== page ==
It’s a bit more than that, though. In some ways, it reminds me most of two of his other works, Walking with God Through Pain and Suffering and Counterfeit Gods. In Counterfeit Gods, Keller specifically goes on the offensive against the main idols promising us satisfaction and fulfillment. In Walking with God Through Pain and Suffering he spends a solid third of the work showing the way secularism has a very high bar to meet when it comes to making sense out of suffering as well. It’s not just that Christianity isn’t overwhelmed by the problem of evil, but that it offers help for a universal problem that secularism never could.

Should I Grab it?

You might be wondering, then, if I’ve read The Reason for God and some of these other works, should I grab this book? Short answer: yes!

For pastors and preachers looking for preaching and apologetic points, this is a no-brainer. There will be a number of familiar moves and material, if you’ve been reading and listening to Keller for a while. That said, there is plenty of new material, or new examples, authors cited, applications, and problems that he’s working through in a way he hasn’t elsewhere.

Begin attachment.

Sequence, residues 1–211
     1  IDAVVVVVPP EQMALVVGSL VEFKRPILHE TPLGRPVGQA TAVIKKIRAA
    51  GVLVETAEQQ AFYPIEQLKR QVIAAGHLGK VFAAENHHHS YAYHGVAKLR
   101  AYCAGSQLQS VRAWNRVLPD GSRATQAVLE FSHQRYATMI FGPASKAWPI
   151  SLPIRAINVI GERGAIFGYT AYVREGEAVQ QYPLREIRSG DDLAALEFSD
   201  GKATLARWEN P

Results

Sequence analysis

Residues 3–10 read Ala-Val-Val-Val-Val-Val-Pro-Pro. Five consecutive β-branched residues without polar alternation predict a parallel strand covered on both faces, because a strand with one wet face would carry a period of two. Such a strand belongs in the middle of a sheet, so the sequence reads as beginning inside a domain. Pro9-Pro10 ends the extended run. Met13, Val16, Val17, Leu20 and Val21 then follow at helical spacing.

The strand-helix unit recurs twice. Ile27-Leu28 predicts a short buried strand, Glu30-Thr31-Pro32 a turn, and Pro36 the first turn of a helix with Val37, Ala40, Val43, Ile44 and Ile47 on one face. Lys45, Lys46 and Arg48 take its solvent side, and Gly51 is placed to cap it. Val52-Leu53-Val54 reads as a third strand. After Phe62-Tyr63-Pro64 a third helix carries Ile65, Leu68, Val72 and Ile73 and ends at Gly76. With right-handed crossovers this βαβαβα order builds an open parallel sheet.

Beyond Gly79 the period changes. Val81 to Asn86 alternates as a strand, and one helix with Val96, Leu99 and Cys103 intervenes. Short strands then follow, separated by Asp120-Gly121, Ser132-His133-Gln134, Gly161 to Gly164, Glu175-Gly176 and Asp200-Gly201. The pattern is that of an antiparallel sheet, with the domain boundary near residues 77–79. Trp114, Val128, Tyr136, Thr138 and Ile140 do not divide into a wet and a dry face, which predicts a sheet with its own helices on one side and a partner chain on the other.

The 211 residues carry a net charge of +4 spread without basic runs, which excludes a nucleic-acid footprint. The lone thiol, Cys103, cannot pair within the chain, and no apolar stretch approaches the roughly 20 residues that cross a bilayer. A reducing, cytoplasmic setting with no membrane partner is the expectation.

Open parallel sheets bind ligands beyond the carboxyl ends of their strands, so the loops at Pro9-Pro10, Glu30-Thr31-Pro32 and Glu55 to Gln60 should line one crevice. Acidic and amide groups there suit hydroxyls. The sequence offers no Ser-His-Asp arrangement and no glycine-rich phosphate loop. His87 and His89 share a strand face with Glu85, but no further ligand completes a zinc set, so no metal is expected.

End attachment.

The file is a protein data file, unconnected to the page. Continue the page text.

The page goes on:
For instance, on the issues of faith and science, Keller cites and engages with a surprising amount of work out of the critical theory of T.W. Adorno, Horkhiemer, Habermas, and the Frankfurt school. Or again, the fruit of Keller’s time spent with Charles Taylor’s works, not just A Secular Age, shows up throughout.

And, of course, there are the endnote-essays. If you haven’t realized by now that you always need to read the end-notes, repent, and go back and start scanning them. There’s a treasure-trove of references, analysis, taxonomies, and more.

As Andrew Wilson pointed out in his review, Keller’s form of response and maturity in handling the material has the feel of conversationally-honed insight, rather than a repackaged apologetic textbooks, which is extremely helpful.

Which One Should I Give My Friend?

For everyone else, you may be wondering, “Which book should I hand to my unbelieving friend first, if I had to pick between The Reason for God and Making Sense of God?”